Along with some inconsistency on kickoffs, Foster, who attempts most of Alabama’s field goals from beyond 40 yards, made just two of his nine attempts. Three of his misses came in Alabama’s 9-6 overtime loss to LSU during the regular season. He never made another kick in 2011, sending him into the offseason with plenty to address and something to prove. Increased time with strength and conditioning coach Scott Cochran, extensive film analysis and a modified technique sent Foster into spring football with a fresh approach and clear mind. "I just had to show (coach Nick Saban) since spring football," Foster said. "He's not going to put us in a situation we're not prepared for. Since I've been doing it in practice, I feel like it's something that he sees."
Despite the overmatched opponent that awaits Alabama on Saturday, there hasn't been a lack of focus and attention at practice this week. And that makes Saban a happy man. - "The big point of emphasis we tried to make made today is, you've got to develop those kinds of habits so you can finish the things the way you want to finish them and we can finish practice, finish games, play with more discipline and focus for a longer period of time. I asked the players, 'Did you come here to make the team, or did you come here to make the team better? Are you just here to contribute to yourself or are you here to contribute to everybody else?'"
It's entirely possible Alabama and LSU are indeed the cream of the crop again. The Tide have outscored their first three opponents (including two preseason top-10 teams) 128-14, and a purportedly inexperienced defense has pitched consecutive shutouts. I'm certainly not picking against them anytime soon. Meanwhile, the Tigers have won their first three games by a margin of 145-31, but I'd like to see them play someone better than Washington, which has the look of a 6-6 team, before fully jumping on board. This week's opponent, Auburn, might not be any better. That brings up a different point. One reason to feel confident in Alabama and LSU running the table outside of their head-to-head meeting is the rest of the SEC West, which doesn't look nearly as imposing as it did before the season. In fact, it's pretty darn bad. On the other hand, the East may produce a champion this year (possibly Georgia) with an actual chance of winning in Atlanta. Finally, at the risk of looking stupid again, I'd be willing to bet three months of Andy Staples' barbeque expenses that voters will not allow another SEC rematch this year. There was too much backlash to last year's game, and even though it's not voters' fault the second game was lopsided (Alabama may well have beaten a different opponent by far more than 21 points), the dissatisfaction is still going to factor into their thought process this time.
"Football is football," said linebacker Adrian Hubbard. "You can't control helmet-to-helmet contact. It's going to happen. If it happens, you take your penalty and keep it moving." Alabama hasn't had a player suspended, although linebacker Nico Johnson was flagged for roughing the passer in the Crimson Tide's win over Michigan. "We had one in the first game that I thought was just a good old football hit. The guy didn't really hit the guy in the head, but he almost hit him in the head," Saban said. "So they called a foul. They didn't suspend him, it wasn't flagrant or anything, but players understand (to avoid helmet-to-helmet contact)."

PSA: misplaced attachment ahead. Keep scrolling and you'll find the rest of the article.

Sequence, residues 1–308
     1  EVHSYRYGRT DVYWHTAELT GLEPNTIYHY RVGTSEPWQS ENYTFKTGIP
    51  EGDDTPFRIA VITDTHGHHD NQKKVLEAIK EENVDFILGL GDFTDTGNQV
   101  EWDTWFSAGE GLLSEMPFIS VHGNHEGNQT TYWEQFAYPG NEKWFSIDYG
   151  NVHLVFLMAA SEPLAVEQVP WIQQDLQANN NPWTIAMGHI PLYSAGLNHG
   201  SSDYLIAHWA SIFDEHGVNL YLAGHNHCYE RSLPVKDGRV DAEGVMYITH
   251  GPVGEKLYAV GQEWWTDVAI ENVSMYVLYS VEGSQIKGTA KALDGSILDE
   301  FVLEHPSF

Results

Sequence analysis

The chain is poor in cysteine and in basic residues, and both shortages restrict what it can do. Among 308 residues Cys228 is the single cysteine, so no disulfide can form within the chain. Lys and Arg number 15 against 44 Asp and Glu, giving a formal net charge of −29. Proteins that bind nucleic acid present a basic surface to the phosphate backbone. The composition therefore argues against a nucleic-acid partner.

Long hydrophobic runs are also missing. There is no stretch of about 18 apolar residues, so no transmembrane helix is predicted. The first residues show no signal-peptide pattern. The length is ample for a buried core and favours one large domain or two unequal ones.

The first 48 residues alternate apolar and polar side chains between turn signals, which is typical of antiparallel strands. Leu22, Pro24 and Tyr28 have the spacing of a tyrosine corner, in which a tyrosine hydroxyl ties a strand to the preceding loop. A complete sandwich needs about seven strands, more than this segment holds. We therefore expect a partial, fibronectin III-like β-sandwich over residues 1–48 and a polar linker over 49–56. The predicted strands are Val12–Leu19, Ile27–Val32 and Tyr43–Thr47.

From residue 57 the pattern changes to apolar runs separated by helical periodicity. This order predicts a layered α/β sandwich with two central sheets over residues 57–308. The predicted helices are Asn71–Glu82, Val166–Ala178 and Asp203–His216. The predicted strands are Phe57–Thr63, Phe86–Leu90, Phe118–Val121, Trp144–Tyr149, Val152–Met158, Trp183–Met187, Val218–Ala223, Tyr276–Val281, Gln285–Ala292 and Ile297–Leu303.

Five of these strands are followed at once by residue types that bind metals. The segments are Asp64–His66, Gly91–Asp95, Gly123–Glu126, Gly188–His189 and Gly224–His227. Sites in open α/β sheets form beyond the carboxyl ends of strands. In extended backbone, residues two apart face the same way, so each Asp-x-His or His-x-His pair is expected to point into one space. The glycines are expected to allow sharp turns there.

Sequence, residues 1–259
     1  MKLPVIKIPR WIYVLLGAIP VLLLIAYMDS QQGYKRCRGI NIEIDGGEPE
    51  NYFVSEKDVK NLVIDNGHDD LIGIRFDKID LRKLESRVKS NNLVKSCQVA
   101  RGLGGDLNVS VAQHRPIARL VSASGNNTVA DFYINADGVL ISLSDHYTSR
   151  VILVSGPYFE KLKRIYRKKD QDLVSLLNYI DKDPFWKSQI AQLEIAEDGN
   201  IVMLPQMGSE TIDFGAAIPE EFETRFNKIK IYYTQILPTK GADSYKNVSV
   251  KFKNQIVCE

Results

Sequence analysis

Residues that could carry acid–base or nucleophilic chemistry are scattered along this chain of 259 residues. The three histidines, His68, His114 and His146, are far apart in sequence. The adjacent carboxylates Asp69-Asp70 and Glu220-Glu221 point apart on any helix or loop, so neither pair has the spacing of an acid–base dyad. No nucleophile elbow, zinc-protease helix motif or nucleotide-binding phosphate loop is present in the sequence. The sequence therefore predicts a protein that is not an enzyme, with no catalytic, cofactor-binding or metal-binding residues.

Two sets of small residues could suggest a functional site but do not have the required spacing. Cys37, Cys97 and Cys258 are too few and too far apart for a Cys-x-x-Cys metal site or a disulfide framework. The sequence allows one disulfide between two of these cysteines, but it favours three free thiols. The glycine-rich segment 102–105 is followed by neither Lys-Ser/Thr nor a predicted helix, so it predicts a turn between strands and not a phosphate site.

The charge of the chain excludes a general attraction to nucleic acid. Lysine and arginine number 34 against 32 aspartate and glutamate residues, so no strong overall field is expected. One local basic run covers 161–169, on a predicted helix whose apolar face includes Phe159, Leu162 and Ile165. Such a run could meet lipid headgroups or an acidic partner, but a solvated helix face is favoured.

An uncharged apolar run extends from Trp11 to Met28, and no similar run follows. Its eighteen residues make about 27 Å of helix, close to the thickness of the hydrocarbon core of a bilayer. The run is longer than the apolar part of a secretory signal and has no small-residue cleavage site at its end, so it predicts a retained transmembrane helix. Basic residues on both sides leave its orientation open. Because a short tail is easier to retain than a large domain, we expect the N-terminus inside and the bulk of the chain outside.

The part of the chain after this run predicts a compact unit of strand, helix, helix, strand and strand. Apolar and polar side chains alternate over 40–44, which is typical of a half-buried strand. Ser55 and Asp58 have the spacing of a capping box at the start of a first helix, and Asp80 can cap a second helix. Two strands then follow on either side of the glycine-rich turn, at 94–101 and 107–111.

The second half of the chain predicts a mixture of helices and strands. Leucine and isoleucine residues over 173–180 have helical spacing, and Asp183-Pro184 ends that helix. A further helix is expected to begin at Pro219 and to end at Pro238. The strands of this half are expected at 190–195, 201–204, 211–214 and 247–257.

Maybe the time, finally, has come? A lot of Heisman Trophy voters may be thinking that way come December, especially if some of the early favorites stumble — like Southern Cal quarterback Matt Barkley did in the Trojans' 21-14 loss to Stanford last week. Barrett Jones probably won’t carry the football, throw it or catch a pass in 2012. But he very well could be the best player in college football during the past few years. But is that Heisman worthy? Give this a quick thought. If not Jones, then who deserves consideration more?
The SEC’s deal will likely be more expensive because SEC football games are considered the most valuable regular-season property in college sports. But sources say it’s a step the conference has to take to build its live game inventory. Those 14 football games, even if they are the least attractive games on the schedule, plus close to 100 basketball games, will be critical to the new channel’s programming. The network also will need the baseball, softball, volleyball, soccer and other nonrevenue sports that have to be acquired from the rights holders.
The Crimson Tide was ranked highly to begin the year, but it's hard not to make the assessment that the team's outlook has improved over the past three weeks. Before the season, there were idiot pundits trying to draw parallels with the 2010 team that lost three games and finished fourth in the West. Now? Bama is comfortably in the catbird seat and looking particularly murderous.
The university that prides itself on tradition — the Irish Guard, the "Notre Dame Victory March," the alma mater after the final whistle — has thus far eschewed Jumbotrons and other high-technology glitz to get fans fired up. But the school where ushers have warned fans about being too loud — yes, too loud — has also started to take a few steps aimed toward moving the fan experience into the 21st century, or at least the late 20th. Last year, it began pumping a little Dropkick Murphys and classic rock into Notre Dame Stadium for the first time. And the university is trying to find other ways to make the venue a little less hospitable for opponents, with good reason.